I used to google the last year questions to get a hint about the source of questions.I practiced questions from last year papers.One can buy a book (i bought vishal publications book) to practice last year papers.

UPSC IAS CIvil Services PRELIMS STRATEGY: Kumar Ashirwad, Rank 35

I will share some suggestions that I feel could really help you. Not all of these suggestions will be exactly suitable to you. You can modify some suggestions to suit your own style/approach. I will attempt at giving a broad framework or strategy rather than the specifics. Feel free to tweak the framework if you deem it rational.

Read the Full article on UPSC IAS CIvil Services PRELIMS STRATEGY: Kumar Ashirwad, Rank 35, Prelims GS-1 Marks 140 (2015).Alternatively you can compare our suggested books list too .

AIR 3rd ranker Explains why to read news papers for UPSC

Jasmeet Singh Sandhu wrote a reply on Quora explaining his process on reading the news paper and why it is important. Re posting it here in toto.

Namaste All

Thank you once again for all your wishes. I am here to share a few ideas on newspaper reading. Remember this is my way of preparation and worked very well for me.

  1. Please dont read newspapers just for reading as a habit. I have not read any magazines and periodicals in the two attempts I was successful in.
  2. I have just read The Hindu and The Indian Express.
  3. In cases where you feel you waste time and have not picked up important issues, I suggest you skip newspaper reading for 3/4 months at a stretch. But you can’t skip newspapers in August, September, October, November and December if you are giving Mains in December.
  4. Skipping newspapers will free up your time a lot. This added time must be used for other endeavours.
  5. Now when you skip newspapers, you should cover that up by reading Insights on India’s daily current affairs and Secure Questions and Answers compilation paper wise. Also read IAS BABA’s monthly magazine and its Yojana and PIB Gist. Also go through the PRS. The coverage of issues from these will overlap a lot. In any case please read the newspapers and supplement it with the above resources.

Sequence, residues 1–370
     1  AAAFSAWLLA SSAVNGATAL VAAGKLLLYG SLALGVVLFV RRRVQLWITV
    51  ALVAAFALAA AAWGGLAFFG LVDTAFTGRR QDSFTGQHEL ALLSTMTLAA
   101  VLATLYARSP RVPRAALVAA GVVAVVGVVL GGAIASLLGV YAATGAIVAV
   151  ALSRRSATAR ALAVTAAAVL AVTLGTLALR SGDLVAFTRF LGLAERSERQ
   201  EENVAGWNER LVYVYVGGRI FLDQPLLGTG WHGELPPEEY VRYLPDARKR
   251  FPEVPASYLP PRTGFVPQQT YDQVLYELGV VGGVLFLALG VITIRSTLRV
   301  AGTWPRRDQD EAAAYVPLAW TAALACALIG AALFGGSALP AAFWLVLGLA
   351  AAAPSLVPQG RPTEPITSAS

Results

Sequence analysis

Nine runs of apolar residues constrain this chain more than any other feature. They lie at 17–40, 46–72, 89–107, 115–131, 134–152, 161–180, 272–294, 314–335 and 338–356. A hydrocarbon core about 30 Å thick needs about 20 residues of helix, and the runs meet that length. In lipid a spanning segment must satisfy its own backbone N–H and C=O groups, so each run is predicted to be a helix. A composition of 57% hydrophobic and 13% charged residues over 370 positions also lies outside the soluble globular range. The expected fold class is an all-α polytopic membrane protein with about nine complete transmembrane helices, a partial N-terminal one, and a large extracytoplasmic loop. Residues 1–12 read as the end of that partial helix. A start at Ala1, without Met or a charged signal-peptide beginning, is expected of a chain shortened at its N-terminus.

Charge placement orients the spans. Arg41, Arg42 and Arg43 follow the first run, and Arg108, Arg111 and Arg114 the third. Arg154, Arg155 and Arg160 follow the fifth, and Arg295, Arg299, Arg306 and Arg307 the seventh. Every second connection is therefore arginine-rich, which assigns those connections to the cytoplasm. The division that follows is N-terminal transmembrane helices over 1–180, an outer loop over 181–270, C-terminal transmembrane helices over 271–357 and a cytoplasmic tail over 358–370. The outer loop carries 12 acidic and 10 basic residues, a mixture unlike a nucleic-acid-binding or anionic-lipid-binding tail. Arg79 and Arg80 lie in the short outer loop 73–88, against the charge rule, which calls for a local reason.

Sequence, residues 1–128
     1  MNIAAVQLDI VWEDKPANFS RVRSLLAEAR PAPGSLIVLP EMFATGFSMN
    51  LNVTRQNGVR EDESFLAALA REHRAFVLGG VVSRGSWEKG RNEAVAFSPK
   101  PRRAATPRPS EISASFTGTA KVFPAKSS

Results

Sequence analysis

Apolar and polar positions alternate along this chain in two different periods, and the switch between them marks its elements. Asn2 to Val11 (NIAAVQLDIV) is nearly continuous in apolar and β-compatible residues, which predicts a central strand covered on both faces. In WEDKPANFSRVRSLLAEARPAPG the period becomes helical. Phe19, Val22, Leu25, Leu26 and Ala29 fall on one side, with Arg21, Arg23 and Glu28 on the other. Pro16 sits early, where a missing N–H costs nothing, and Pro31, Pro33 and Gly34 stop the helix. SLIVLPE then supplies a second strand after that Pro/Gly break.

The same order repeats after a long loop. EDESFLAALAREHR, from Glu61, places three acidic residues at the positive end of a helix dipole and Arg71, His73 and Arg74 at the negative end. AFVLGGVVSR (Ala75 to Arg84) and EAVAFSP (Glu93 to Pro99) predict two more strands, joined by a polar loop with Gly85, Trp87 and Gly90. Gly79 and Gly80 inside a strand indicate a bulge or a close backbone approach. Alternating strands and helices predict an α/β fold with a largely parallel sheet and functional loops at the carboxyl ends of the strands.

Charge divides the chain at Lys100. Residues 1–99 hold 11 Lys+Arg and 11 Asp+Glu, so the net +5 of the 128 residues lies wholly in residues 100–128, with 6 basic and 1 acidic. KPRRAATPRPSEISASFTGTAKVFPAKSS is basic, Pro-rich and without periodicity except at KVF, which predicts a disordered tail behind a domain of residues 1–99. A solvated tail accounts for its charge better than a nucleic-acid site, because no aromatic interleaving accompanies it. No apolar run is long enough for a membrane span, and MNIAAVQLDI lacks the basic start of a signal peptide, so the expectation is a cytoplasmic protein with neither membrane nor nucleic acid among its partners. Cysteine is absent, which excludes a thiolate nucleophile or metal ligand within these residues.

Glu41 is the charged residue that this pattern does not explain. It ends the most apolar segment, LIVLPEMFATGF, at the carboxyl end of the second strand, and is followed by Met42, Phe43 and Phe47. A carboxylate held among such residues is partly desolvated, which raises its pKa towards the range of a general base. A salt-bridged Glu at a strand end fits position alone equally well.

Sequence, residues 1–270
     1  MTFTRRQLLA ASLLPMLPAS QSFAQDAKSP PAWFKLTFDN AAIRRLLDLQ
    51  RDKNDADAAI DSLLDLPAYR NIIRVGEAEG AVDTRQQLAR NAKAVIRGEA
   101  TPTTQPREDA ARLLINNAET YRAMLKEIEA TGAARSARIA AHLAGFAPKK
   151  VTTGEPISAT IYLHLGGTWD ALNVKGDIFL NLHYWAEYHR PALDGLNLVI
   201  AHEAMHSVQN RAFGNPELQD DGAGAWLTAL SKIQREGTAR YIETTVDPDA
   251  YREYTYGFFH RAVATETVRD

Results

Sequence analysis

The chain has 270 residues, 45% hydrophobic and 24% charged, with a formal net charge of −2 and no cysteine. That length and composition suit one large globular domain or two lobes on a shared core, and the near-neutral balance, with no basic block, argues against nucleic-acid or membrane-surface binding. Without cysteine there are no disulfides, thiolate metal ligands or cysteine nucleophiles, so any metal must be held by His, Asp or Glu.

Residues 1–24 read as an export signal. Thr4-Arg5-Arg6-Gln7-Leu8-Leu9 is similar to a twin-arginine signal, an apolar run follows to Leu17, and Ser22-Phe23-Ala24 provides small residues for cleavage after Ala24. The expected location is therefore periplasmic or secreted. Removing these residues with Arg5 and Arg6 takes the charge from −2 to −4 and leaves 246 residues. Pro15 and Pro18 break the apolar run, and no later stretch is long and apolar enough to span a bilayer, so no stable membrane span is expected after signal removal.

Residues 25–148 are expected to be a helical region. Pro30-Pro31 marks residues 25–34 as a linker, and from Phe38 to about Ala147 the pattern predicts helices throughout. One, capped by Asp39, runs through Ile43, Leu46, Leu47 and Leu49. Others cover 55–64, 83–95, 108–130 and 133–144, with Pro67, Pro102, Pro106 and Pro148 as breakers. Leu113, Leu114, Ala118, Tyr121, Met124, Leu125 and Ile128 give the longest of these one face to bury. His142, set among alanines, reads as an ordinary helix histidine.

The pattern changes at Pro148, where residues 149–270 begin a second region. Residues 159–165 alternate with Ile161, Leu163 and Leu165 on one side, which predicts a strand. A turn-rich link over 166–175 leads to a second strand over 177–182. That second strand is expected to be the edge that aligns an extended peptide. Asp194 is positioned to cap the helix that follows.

6. This will do two things. For those who don’t know how to read, it will guide you what was to be read and prepared from an issue. This will help you a lot when you return back to newspaper reading. Also for those who know how to read, it will inform you what exactly is to be prepared from an issue. In any case the above resources are wonderful and always stick to them.
  7. Now in a newspaper, we get news. UPSC doesn’t ask news. It asks issues connected with news.You need to go in depth of these issues. Again resources in point 5 will exemplify what I am saying.
  8. I want you to learn from these resources and not me as I learnt from these resources and you should prepare from primary resources. Still if people feel they require my assistance, I will try and upload a video for this by June end.
  9. Also note down from newspapers 10 quality facts, acts, schemes, policies, committees on all issues such as health, education, Parliament, Judiciary, Energy, Power, States, Bureaucracy, Agriculture, Industries, Services, Urbanization and as many more issues you get.
  10. I will utilise your knowledge from point number 5 and 9 to explain how simple answers can be constructed to give good marks. I will try and upload a video again around July for this.
  11. Till then follow the above tips. I want you all to be well versed with the style of resources I have mentioned and have 9th point prepared. No need to do random searches on Google. Read more and more of the resources I have told you above.

All the above resources are free and can be found free on websites I mentioned. My guidance videos will be as well free. Please don’t pay any money for all this. I am doing all this as a sense of deep gratitude I hold for aspirants, their aspirations and the huge burden they have on them. You all are my idols as I have seen the hard work you all put in. You are all true champions.

Best Wishes

UPSC Topper Tina Dabi Marks

These are marks of UPSC Topper Tina Dabi, she got all India rank 1 in Civil services exam 2015 conducted by UPSC,found her marks on net posting them here.

  • Essay: 145/250
  • GS Paper 1 :119/250
  • GS Paper 2 :84/250
  • GS Paper 3 :111/250
  • GS Paper 4 :110/250
  • GS Total: 424/ 1000
  • Political Sci & IR Paper 1 : 128/250
  • Political Science & IR Paper 2 : 171/250
  • Optional total :299/ 500
  • Written total : 868/ 1750
  • Interview :195/275
  • Total : 1063 /2025
  • AI Rank : 1

Update : Prelims Marks